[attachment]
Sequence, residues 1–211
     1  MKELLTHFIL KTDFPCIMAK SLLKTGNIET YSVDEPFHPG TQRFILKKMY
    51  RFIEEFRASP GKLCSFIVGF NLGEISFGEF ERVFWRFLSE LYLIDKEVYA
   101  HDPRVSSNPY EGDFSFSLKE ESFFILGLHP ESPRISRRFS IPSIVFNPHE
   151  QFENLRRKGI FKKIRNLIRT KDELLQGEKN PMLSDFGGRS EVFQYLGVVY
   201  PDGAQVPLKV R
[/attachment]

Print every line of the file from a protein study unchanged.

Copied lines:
Sequence, residues 1–211
     1  MKELLTHFIL KTDFPCIMAK SLLKTGNIET YSVDEPFHPG TQRFILKKMY
    51  RFIEEFRASP GKLCSFIVGF NLGEISFGEF ERVFWRFLSE LYLIDKEVYA
   101  HDPRVSSNPY EGDFSFSLKE ESFFILGLHP ESPRISRRFS IPSIVFNPHE
   151  QFENLRRKGI FKKIRNLIRT KDELLQGEKN PMLSDFGGRS EVFQYLGVVY
   201  PDGAQVPLKV R